Biomechanics lab and wearable sensor manufacturer Motus Global has expanded its offerings for baseball players over the winter. The Massapequa, N.Y.,-based company rolled out the mThrow last spring. This year, Motus Global will sell two systems: motusPRO, a full-body system available only to professional organizations, and motusBASEBALL, a single sensor system that provides feedback for both pitching and hitting.
Originally unveiled at the MLB Winter Meetings, the motusPRO is a system of five inertial measurement unit (IMU) sensors that offers biomechanical feedback on both hitting and pitching. The IMUs combine accelerometers and gyroscopes that can be combined to estimate joint angles, velocities, and other elements of the kinematic chain.
The sensors are designed to fit into iron-on pockets on the athlete's clothing or into clips that attach to a cleat or batting glove. The sensor locations (seen here) are mostly consistent for both batting and pitching: four sensors are placed near the top and bottom of the back, on the upper arm just above the elbow, and on the inside of the cleat on the stride foot (the left foot for right-handers). The fifth sensor is placed in a pocket just below the elbow to measure pitching and clipped to the lead hand batting glove to measure hitting. The pockets are color-coded to match LED lights on the sensors, ensuring that the sensors are placed correctly.
After every pitch (or hit), the system sends data via Bluetooth to an iOS device. Dozens of metrics are computed and uploaded to a cloud server for later analysis. But a subset of eight metrics is available on the iOS app for immediate feedback, as shown in the picture below. Chief technology officer Ben Hansen says these eight were chosen because they are the data points pitchers and coaches request most often during biomechanics sessions.
"The first four give insight into 'How strong is my kinetic chain?' and 'Am I achieving timing separation in my core?'" Hansen said. "The last four are quick checkpoints that pitching coaches and the research community have found to be significant."
Screenshot of motusPRO iOS app, with one of the new sensors. Courtesy Motus Global.
Motus Global expects teams to use the motusPRO system around once per month for each player. The system's more in-depth analysis can then serve as a baseline for comparison with the single-sensor motusBASEBALL system. Hansen says this will allow teams to collect useful biomechanical data without burdening the players.
"We are a firm believer in the value of the data we provide, but we also recognize that an athlete’s job is to compete," Hansen said. "We don’t want to get in the way of that."
The simpler motusBASEBALL system consists of a single sensor worn in a compression sleeve for pitching and clipped to a batting glove for hitting. (Like the mThrow, the device will retail at $150.) Designed primarily for amateur athletes, the motusBASEBALL system replaces Motus Global's earlier mThrow device but allows capture of both hitting and pitching metrics.
The iOS apps have been updated to support the new sensors; the new versions will be available in the App Store soon. The motusTHROW app includes many of the same features as the current mThrow app, including workload and elbow torque estimates. But the new app also estimates fingertip velocity (measured in miles per hour) and elbow height.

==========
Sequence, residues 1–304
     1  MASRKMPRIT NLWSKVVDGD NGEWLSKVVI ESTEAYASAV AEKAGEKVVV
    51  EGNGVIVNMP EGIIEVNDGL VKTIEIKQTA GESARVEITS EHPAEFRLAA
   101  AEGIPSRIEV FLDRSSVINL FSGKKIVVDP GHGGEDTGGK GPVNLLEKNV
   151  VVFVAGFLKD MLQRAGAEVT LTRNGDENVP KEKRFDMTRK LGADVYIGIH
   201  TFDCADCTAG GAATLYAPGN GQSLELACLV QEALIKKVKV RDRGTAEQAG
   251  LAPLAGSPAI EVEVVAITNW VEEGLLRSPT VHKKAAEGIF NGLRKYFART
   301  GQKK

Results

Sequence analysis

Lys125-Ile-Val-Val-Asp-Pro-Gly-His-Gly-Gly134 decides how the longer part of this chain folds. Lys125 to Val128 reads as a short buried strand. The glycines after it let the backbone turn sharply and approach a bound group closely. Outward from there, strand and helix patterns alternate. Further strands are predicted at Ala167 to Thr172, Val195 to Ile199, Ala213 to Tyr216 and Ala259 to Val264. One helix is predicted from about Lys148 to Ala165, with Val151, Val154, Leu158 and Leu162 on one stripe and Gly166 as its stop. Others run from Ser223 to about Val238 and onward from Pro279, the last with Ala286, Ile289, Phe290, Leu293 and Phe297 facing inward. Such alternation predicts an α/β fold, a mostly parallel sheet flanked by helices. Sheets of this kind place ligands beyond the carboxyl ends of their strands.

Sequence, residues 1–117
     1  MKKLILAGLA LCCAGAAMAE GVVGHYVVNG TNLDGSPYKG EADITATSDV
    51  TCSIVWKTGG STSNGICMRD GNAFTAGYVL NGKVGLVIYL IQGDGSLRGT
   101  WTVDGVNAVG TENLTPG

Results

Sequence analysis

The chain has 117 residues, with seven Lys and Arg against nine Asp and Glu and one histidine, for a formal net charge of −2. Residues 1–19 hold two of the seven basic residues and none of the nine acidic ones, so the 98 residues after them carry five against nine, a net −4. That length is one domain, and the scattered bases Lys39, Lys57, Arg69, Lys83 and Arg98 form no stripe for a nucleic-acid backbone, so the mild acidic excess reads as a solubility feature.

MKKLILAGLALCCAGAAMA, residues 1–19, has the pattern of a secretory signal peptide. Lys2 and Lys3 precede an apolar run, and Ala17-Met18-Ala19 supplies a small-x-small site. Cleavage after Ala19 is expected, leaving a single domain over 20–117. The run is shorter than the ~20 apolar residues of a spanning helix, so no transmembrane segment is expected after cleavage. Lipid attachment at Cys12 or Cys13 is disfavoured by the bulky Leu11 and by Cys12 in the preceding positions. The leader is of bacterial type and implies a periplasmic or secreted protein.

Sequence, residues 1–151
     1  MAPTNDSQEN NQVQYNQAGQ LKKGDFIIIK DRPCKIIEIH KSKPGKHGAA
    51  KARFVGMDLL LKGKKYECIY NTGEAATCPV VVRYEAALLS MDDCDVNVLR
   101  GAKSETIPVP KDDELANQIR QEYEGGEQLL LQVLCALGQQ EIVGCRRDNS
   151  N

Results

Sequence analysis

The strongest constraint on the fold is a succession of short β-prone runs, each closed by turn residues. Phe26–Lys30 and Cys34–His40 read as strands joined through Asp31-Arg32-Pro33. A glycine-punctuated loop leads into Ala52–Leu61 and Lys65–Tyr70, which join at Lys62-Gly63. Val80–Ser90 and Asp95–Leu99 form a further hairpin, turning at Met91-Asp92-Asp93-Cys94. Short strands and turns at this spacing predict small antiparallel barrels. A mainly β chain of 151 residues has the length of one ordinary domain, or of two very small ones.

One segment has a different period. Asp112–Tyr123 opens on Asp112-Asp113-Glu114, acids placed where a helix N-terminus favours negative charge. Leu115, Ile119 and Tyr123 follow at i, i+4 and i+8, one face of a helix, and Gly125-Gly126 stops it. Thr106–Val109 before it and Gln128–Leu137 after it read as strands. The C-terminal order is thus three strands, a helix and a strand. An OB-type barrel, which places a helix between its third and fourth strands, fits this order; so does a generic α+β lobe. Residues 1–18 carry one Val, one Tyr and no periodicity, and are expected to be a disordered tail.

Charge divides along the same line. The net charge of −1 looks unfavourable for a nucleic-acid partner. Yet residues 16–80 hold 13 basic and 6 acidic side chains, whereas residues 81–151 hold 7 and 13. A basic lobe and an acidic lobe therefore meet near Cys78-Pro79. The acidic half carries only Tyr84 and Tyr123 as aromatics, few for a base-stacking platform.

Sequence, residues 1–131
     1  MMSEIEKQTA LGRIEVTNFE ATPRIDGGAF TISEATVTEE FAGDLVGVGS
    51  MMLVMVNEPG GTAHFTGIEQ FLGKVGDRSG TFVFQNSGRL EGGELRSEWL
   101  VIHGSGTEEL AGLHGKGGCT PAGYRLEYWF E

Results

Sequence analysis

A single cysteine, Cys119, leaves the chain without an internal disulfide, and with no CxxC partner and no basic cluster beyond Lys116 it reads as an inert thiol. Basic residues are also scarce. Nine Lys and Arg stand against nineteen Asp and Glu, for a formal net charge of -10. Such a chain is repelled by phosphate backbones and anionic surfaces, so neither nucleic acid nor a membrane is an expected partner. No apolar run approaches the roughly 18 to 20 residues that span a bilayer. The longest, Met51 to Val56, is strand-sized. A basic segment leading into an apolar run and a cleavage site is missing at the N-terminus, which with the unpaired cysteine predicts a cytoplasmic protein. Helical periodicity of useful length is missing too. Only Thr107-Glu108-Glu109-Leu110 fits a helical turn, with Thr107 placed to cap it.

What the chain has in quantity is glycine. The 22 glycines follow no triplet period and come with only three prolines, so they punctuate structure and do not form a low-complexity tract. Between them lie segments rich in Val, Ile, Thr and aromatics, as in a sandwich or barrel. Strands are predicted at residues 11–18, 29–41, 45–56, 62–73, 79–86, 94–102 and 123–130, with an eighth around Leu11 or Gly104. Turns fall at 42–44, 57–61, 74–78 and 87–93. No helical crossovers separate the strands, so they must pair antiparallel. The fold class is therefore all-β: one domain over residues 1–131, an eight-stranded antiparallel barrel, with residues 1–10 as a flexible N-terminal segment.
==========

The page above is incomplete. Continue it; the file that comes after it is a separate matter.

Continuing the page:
The motusBATTING app includes six metrics for hitters: bat speed, swing time, hand speed, swing length, attack angle, and vertical angle. The hitter's performance is broken down by area of the strike zone. If a hitter's swing is too long on pitches low and away, for example, the motusBATTING app will identify that and suggest drills the hitter can use to improve. The app actually estimates pitch location automatically, based on where the hitter is standing in the box, bat length, and batter height.
Both the motusPRO and motusBASEBALL systems rely on improvements to the IMU sensor found in the mThrow. The new IMUs feature an expanded accelerometer range (+/-24 g, up from +/-16 g) and a souped-up onboard processor. The gyroscope range (+/-4000 degrees per second) and sampling frequency (1000 Hz) are unchanged from the previous version.
The sensor design has changed, too, slimming down from 16 mm thick to 9 mm and charging by micro USB instead of induction (for speed and ease of use). When used in the motusPRO application, the sensors synchronize once every minute, enabling the system to capture time-sensitive biomechanics information.
"For instance, peak trunk speed can occur within 20 milliseconds of ball release," Hansen said. "If we were out of sync by even the slightest, we wouldn’t be able to tell you any meaningful information about the kinetic chain."
Although the motusPRO system is available only to professional organizations, the motusBASEBALL system will go on sale in the coming weeks, with the first sensors tentatively scheduled for shipping by the end of the month. Hansen said the company has grown in the year since the mThrow launch and is excited about the promise of their new offerings.
"We’ve now got a year’s worth of data that shows us what a Major League pitcher’s daily throwing regimen and workload profile look like," Hansen said. "We’re a bit older, a bit wiser, and have put a toolset in place to give teams a competitive edge."
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Bryan Cole is a featured writer at Beyond the Box Score. He was not compensated by, nor does he endorse, any of the companies or products mentioned here You can follow him on Twitter at @Doctor_Bryan.